Hearing Loss in Dogs

Hearing Loss in Dogs
by guest blogger Cathy from Bloggydoggies

Most of us know that dogs are far superior when it comes to their hearing ability. Humans can hear within the range of 20Hz to 20 KHz. By comparison, most dogs can hear between 67Hz to 45KHz.

What happens though when your dog can’t hear? It’s more common than most of us realize. Some dogs are born deaf. Dogs with this genetic predisposition include Dalmations, Boston Terriers, Rottweilers, English Setters, and Border Collies. Dogs without pigment, white dogs and merle colored dogs also seem to have this problem more often than other dogs. When the hearing loss is genetic, there is nothing that can be done to help the dog medically. These dogs still make great pets though. They can be trained with light and hand signals. There is a common misconception that deaf dogs are more aggressive. This is not the case at all with dogs that are born deaf.

Dogs who lose their hearing later in life, may become aggressive but it is only because of their confusion. Unlike humans, they do not understand what is happening to them and can lash out in fear when startled. Never come up behind a deaf dog who is sleeping. Even when he is awake, if he can’t see you come up behind him, he may be momentarily startled and and act aggressively.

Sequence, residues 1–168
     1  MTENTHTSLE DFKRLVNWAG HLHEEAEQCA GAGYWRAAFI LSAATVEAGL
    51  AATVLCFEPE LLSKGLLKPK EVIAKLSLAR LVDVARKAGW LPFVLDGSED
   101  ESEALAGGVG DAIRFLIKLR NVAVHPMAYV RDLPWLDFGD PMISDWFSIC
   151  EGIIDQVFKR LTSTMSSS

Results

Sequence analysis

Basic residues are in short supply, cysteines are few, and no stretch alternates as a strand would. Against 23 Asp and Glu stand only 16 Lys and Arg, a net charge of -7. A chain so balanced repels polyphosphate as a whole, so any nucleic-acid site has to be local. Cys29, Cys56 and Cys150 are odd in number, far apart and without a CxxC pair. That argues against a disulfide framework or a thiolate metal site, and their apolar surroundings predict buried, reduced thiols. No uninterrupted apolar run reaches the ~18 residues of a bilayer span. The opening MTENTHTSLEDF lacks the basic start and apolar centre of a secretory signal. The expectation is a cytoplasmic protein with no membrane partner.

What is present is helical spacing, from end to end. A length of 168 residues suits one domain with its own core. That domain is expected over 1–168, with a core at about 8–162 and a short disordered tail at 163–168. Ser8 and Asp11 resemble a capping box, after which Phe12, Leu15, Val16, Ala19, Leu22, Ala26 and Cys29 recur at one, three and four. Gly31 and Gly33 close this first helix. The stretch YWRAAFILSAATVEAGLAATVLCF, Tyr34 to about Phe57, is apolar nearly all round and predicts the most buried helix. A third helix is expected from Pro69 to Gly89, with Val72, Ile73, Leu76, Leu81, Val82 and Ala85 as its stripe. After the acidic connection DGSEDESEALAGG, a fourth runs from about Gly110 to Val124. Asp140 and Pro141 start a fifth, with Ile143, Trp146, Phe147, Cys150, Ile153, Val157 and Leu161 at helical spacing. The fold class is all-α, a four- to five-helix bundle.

Other causes of deafness are ruptured eardrums, fluid in the ears, chronic infections, nerve problems, reactions to anesthesia or other medicines, blocked ear canals, and age. Some of these conditions can be treated medically.

So if you think your dog may be deaf, how do you test for it? First, get behind the dog and make some noises. Even if he doesn’t have an obvious reaction, you should see what is called a Pryor’s Reflex; which is that his ears will twitch. If there is no reaction at all, the next step is to make an appointment with your vet. It may be treatable. Even if it isn’t treatable, your dog will adjust with a little time and patience. You will have to be more careful in keeping an eye on your dog since he can’t hear the dangers around him. Also, it’s a good idea to put a bell on his collar to make finding him easier should he get away from you.

Interested in being a guest blogger? Email blog at bigpawdesigns dot com.

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  2. If you suspect that your dog is having trouble hearing, there are some simple tests that you can do. One test involves sneaking up behind your dog and snapping your fingers or clapping your hands and observing your dog’s reaction to the sound. You will want to do this from a distance so your dog doesn’t sense you. If you determine that your dog is suffering from some level of hearing impairment, have this confirmed by your veterinarian. Some of the causes of hearing loss are treatable. Also, there are veterinarian specialists (neurologists) who are able to confirm deafness.

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